I do have a mandolin regret, though. I used to own a Kentucky KM-DAWG, a licensed reproduction of a John Monteleone Grand Artist mandolin owned by David Grisman. If you’re not familiar with Monteleone, he is one of the finest living luthiers and his mandolins sell for $25,000 and up. Monteleone even sent one of his mandolins to Kentucky’s workshop in Japan to be measured and examined to make the reproduction as accurate as possible.

The KM-DAWG was built by Eichi Sumi, then and up-and-coming luthier in Kentucky’s shop. Sumi’s gift was greater than anyone surmised, and he produced 48 exquisite handbuilt mandolins. The mandolins were expensive by Kentucky’s standards, but very, very reasonable by quality handbuilt mandolin standards.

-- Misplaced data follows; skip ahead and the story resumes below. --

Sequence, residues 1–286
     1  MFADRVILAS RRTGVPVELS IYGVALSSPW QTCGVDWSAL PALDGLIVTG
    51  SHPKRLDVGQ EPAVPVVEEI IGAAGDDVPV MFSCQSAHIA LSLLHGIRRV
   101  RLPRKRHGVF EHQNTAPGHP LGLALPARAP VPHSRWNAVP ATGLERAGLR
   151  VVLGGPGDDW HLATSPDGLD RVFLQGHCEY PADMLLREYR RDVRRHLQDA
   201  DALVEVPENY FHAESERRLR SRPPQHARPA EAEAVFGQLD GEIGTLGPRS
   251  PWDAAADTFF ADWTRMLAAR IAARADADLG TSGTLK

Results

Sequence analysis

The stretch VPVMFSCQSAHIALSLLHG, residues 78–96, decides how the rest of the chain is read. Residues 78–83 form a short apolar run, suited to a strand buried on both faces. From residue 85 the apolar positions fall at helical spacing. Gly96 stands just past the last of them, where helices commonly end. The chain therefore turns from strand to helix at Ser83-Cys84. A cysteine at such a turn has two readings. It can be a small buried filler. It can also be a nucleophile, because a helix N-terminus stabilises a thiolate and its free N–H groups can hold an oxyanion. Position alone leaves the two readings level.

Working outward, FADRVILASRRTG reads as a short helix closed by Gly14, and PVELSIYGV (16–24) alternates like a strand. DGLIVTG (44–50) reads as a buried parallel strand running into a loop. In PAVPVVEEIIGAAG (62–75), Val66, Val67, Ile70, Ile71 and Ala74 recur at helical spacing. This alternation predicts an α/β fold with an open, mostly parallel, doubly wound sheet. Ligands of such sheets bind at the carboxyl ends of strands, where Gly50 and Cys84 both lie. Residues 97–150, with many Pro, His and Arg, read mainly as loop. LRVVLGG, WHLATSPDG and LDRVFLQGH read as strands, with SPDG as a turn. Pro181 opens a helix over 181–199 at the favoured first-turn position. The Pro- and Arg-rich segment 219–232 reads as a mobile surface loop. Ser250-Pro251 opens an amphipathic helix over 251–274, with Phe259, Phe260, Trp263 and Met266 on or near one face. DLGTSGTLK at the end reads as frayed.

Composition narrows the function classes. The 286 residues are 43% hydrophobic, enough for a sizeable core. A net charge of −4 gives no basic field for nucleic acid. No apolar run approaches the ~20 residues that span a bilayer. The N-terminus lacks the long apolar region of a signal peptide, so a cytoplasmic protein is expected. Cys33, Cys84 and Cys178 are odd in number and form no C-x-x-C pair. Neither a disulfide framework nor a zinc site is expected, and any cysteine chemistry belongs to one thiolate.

I lucked into one of these a few years ago, and it was just plain the best mandolin I ever played. I loved it for a couple of years, but the legend of Sumi continued to build, and I kept getting offered more and more money for it, until I finally cracked and sold it for an offer that seemed too good to be true.

I’ve never played a mandolin I liked more, and I sure wish I had it back.

billten
06-05-2014, 07:18 AM
Ahhh yes, the beautiful sounding MP. Well there is a lovely MP pineapple for sale right now.


I am kicking myself that I did not buy your MP concert you recently sold. Cedar top, walnut back and sides, my favoirite woods. I was doing the right thing by holding off because I had a deal pending. I have tried to pay for it three times, still not finished still pending. Not even sure if I will ever see it. Oh well more money to spend on a Covered Bridge tenor.

NewKid
06-05-2014, 08:46 AM
Pohaku Concert 10 Koa/Pearwood. Handmade by a great builder: Peter Hurney. A unique wood combination, and size. Light and loud. Great percussive instrument.